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Late January daylight was fading as I snowshoed along, busting open a trail filled in by a recent blizzard. A good woodman notes all signs, so I was quick to notice something on the ridge above leaving a V-shaped trail, and hustled up to investigate. The trail wasn’t like any sign I’d ever cut, and it was clear there were several walkers in a line. Finally, one flopped up onto a blown over hardwood, leaving tracks that changed my woodland world forever.

I often wonder how long that first European stared at the foggy shores of the New World, trying to decide if it was real. Did they rub their eyes, arguing silently that it was trick of the light while peering in disbelief? Like that long-forgotten sailor,
I pondered this simple track troubled by the answer. Until I decided the impossible was true: for here before my frosty brows was a turkey track, bold and clear!

Where and how

Questions are part of understanding and the new birds on the block have people asking just how long has the wild turkey been roaming the woods of western New Brunswick. Accurate answers are sadly scarce and it falls to personal encounters—with a brush of science to lend a hint of legitimacy. Here in Carleton County, wild turkey began as a rumour before the turn of the century, with brief glimpses by surprised folks. Sort of like the Eastern cougar: that famous mystery never troubled by truth. The border Carleton County shares with our cousins in Aroostook County, Maine became a hot bed of encounters as the new century began. Over time, sightings of large birds foraging on crop land and hens with young proved the naysayers wrong. Then, like some modern-day Crusade, the wild turkey crossed the Saint John River into my district.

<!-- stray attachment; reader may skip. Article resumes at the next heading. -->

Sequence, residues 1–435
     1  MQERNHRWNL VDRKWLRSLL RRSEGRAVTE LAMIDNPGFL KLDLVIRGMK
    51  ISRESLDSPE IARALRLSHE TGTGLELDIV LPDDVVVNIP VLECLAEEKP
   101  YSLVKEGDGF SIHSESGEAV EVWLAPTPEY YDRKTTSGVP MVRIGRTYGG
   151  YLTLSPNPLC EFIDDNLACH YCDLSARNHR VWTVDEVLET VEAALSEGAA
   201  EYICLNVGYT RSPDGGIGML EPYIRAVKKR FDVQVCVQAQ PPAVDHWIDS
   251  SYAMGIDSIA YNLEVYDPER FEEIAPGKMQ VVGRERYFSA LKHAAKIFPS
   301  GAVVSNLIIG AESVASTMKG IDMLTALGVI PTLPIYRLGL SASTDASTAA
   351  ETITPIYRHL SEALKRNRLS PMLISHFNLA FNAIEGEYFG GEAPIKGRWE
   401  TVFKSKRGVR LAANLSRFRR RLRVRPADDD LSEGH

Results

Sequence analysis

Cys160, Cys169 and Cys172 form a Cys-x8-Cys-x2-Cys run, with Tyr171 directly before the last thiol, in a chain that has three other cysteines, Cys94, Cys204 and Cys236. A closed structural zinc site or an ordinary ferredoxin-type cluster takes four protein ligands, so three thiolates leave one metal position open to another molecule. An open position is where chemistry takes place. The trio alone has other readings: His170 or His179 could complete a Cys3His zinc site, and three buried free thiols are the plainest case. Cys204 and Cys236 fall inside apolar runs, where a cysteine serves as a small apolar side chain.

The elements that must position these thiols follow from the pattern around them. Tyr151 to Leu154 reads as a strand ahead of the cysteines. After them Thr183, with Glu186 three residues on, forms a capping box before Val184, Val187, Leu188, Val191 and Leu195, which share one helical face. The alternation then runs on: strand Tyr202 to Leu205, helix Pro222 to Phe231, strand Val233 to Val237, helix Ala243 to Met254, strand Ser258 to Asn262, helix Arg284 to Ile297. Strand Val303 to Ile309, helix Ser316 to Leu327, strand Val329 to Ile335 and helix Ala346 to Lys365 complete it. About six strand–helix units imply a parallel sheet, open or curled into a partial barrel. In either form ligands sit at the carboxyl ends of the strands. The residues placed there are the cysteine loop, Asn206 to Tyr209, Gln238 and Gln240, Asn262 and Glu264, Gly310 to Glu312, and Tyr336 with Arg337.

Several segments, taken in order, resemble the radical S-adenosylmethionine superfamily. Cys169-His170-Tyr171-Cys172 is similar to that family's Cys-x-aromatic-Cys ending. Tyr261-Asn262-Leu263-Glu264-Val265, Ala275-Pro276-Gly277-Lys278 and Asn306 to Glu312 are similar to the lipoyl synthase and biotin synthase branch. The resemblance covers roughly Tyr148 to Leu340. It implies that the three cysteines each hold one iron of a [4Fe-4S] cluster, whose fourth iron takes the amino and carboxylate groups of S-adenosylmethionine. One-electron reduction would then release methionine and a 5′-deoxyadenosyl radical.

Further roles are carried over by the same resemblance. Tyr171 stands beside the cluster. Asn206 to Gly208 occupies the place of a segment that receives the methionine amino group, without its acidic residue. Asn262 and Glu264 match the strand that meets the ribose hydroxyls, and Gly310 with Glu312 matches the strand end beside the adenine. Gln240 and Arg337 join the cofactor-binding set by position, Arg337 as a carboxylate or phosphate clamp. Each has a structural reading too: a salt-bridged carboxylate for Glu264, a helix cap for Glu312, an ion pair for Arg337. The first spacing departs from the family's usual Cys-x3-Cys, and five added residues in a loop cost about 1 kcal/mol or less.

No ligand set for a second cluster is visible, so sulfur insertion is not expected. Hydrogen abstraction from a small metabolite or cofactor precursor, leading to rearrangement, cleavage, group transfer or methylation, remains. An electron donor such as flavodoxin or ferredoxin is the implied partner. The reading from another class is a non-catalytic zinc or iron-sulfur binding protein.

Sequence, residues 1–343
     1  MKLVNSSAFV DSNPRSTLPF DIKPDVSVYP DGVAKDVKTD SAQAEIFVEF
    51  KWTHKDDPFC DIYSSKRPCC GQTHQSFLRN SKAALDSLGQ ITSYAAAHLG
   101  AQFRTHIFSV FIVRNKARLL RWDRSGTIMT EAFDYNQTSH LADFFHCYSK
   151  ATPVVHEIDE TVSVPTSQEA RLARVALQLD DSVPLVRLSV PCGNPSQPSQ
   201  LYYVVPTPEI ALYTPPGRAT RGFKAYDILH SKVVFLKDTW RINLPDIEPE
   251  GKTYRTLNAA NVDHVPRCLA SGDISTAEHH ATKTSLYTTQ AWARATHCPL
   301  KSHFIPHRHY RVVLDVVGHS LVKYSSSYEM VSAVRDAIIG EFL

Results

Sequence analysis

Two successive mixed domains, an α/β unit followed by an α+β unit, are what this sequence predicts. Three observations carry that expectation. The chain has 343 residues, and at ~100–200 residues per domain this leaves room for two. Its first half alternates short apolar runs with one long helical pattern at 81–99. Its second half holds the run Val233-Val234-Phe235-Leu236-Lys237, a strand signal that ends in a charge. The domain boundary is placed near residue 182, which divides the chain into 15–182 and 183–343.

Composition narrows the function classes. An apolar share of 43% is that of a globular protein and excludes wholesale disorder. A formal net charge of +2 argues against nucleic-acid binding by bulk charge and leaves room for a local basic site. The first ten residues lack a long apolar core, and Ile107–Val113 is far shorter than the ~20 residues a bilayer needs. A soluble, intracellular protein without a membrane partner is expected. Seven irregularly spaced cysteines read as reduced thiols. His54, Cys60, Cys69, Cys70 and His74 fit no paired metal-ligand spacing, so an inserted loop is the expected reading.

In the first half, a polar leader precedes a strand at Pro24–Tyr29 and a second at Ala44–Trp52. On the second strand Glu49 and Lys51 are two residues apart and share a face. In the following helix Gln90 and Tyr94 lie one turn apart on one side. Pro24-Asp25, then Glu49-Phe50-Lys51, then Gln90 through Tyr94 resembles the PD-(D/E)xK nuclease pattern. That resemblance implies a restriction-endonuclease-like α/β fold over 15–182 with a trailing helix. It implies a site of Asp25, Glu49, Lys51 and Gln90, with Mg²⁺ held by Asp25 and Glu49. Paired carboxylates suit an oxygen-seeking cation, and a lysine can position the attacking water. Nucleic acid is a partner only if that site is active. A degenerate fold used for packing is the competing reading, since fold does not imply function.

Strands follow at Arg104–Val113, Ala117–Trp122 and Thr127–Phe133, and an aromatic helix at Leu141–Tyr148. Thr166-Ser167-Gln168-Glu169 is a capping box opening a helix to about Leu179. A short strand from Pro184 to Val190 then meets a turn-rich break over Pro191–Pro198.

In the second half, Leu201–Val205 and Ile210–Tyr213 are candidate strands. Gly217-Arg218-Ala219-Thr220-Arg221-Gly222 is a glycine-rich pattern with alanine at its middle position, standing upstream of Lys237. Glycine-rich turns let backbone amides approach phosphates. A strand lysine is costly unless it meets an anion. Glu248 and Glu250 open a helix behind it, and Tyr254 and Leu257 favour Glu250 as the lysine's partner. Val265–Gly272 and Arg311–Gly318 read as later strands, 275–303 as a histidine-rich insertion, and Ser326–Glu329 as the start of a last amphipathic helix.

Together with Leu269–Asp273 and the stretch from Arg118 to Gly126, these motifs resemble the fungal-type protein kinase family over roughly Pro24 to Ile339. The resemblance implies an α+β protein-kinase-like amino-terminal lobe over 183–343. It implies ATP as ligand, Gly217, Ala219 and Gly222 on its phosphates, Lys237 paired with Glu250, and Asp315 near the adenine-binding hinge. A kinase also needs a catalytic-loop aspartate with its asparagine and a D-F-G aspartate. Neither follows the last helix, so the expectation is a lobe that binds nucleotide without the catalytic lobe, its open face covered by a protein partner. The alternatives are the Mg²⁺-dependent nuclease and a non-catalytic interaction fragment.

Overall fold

As to how the wild turkey found the Elysian fields of Old Carlow, that is an equally difficult question. The rumour mill has many theories, one being that pen-reared wild turkey were secretly released by shadowy individuals. Another answer is they are escapees from hunting preserves, on the run looking for somewhere to lie low. Maybe the easiest answer is they simply walked in. Unlike most jurisdictions that spend serious tax dollars on implementing a wild turkey release program, New Brunswick’s birds simply hoofed it over the border, taking up landed status. Apparently border security was slightly lax that day! Maine began restoration work in the 1970s, and supposedly our flocks gradually migrated north. Other folk claim they came down like the coyotes from the townships along the St. Lawrence River. How and where mean little to the turkey, so maybe we ought to emulate that attitude and just accept them.  

A turkey primer